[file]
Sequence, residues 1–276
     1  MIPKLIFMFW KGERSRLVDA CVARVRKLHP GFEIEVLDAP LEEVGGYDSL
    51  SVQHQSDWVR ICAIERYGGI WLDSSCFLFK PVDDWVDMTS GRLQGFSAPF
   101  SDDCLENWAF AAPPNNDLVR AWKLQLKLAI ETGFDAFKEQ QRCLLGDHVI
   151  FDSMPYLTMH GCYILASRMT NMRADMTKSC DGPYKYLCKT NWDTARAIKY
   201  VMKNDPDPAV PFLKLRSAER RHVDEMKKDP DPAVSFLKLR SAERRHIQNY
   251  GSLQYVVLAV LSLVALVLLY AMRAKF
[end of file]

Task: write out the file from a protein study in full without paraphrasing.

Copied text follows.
Sequence, residues 1–276
     1  MIPKLIFMFW KGERSRLVDA CVARVRKLHP GFEIEVLDAP LEEVGGYDSL
    51  SVQHQSDWVR ICAIERYGGI WLDSSCFLFK PVDDWVDMTS GRLQGFSAPF
   101  SDDCLENWAF AAPPNNDLVR AWKLQLKLAI ETGFDAFKEQ QRCLLGDHVI
   151  FDSMPYLTMH GCYILASRMT NMRADMTKSC DGPYKYLCKT NWDTARAIKY
   201  VMKNDPDPAV PFLKLRSAER RHVDEMKKDP DPAVSFLKLR SAERRHIQNY
   251  GSLQYVVLAV LSLVALVLLY AMRAKF